Low to medium

Early

Vigorous, poor Medium to large, bright red internal durability and external color, easy to cap, medium firmness, uneven shape, good processed quality, excellent flavor

Medium

Sumas

Early

Vigorous, good Medium to large, bright red internal and Medium to durability external color, fair capping, good firmness, high fair processed quality, good flavor

Pinnacle

Early to ­midseason

Moderate vigor, Large to very large, bright red external fair durability color, pale red to red internal color, caps well, excellent firmness, primary (king) fruit can have unusual shape, fair processed quality, fair flavor

Puget Reliance

Early to ­midseason

Vigorous, very Large to very large, bright red external High good durability color, pale red to red internal color, glossy, attractive, good firmness but tender skin, uniform shape, good processed quality, good flavor

3

Yield

High to very Fresh or high processed

Fresh or processed

2 (too new to fully evaluate)

1 (some resistance by buyers in processed markets so confirm with buyer; very attractive for local fresh sales)



Table 1. June-bearing strawberry cultivars (continued) Cultivars are listed in approximate order of ripening. Fruit

Shuksan

Midseason

Vigorous, good Medium to large, bright red external color, Medium durability pale red to red internal color, poor capping, tough skin, variable fruit shape, fair processed quality, very good flavor

Fresh

2 (variable market satisfaction from fair to excellent)



Tillamook

Midseason

Moderate vigor, Large to very large, bright red external good durability color, red internal color, caps well, very firm, moderately tough skin, good flavor, very good processed quality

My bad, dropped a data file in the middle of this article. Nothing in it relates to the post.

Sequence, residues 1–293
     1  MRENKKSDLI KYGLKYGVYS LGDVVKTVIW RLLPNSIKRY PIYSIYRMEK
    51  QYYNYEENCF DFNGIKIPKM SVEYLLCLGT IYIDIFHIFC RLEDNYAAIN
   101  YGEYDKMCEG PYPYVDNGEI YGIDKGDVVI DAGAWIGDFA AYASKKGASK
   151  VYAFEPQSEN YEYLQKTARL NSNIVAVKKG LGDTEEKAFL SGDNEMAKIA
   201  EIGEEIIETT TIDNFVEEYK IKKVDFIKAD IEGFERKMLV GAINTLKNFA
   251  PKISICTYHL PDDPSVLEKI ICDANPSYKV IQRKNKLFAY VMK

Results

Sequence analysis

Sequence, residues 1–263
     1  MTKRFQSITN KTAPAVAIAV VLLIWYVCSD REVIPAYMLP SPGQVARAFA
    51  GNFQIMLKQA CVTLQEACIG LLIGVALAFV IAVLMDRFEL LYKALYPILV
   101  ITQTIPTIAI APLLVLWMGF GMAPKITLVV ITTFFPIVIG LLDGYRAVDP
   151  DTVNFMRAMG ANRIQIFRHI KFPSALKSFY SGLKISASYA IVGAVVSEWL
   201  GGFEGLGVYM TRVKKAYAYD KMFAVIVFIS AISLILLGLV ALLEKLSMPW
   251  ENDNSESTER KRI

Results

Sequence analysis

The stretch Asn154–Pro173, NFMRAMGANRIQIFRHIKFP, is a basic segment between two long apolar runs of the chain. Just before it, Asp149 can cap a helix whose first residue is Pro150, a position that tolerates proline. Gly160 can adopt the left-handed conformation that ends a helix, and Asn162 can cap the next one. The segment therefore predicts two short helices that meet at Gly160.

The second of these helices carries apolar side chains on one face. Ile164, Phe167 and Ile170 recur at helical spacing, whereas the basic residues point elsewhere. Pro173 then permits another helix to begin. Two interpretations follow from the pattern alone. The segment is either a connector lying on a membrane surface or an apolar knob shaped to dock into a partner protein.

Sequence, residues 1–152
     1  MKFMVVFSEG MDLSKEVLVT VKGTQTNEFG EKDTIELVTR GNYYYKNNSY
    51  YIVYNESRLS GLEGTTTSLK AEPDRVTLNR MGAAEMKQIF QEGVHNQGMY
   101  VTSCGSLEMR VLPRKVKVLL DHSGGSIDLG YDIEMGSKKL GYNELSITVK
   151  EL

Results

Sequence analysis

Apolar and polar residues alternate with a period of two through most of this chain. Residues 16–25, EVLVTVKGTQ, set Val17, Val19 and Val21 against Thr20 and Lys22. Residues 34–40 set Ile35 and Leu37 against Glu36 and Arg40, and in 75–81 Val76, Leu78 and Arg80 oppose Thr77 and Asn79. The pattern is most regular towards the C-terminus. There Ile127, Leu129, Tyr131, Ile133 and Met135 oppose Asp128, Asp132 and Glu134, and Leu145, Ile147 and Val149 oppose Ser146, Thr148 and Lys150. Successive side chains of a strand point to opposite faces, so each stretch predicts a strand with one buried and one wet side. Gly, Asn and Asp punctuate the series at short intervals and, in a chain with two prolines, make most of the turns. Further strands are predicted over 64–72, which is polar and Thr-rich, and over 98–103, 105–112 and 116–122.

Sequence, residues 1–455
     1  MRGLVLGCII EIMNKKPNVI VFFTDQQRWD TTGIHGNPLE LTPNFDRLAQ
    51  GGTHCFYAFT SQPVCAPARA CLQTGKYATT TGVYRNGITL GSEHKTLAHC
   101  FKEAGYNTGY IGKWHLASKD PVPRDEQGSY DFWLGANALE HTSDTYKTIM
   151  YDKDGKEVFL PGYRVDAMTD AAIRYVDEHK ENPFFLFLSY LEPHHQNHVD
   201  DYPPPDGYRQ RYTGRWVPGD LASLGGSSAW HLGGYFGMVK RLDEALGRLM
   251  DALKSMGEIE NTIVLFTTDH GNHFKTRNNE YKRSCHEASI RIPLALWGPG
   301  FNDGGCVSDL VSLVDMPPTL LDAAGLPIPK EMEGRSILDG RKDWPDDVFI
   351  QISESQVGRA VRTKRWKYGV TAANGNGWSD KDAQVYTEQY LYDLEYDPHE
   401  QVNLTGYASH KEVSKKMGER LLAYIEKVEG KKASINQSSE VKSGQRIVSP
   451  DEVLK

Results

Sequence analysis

High to very high

Fresh or processed

1 (not as ­intensely flavored as standards, but high yields and good quality)



Totem

Midseason

Vigorous, good Medium to large, bright red external and durability internal color, caps well, good firmness, tender skin, excellent processed quality, very good flavor

Medium to high

Processed

1



Benton

Midseason to late

Very vigorous, excellent durability

Medium to high

Fresh

2 (local fresh)



Rainier

Midseason to late

Vigorous, good Medium to large, bright red internal and Medium durability external color, poor capping, fair firmness, excellent quality, excellent flavor

Fresh

2 (local fresh)



Redcrest

Late

Vigorous, fair durability

Processed

2 (outstanding processed product but variable performance from site to site; too tart for many local fresh markets)

4

Plant

Medium to large, bright red external and internal color, attractive fruit, caps well, firm, uniform shape, outstanding processed quality, excellent acidic flavor

Medium to high

Market

Home garden

Season

Medium size, bright red external color, paler internal color, caps well, medium to firm, tender skin, poor frozen color and texture, excellent flavor

Yield

Commercial value

Cultivar

Table 1. June-bearing strawberry cultivars (continued) Cultivars are listed in approximate order of ripening. Commercial value

Home garden

Fresh or processed

1 (has found market niche for fresh and processed)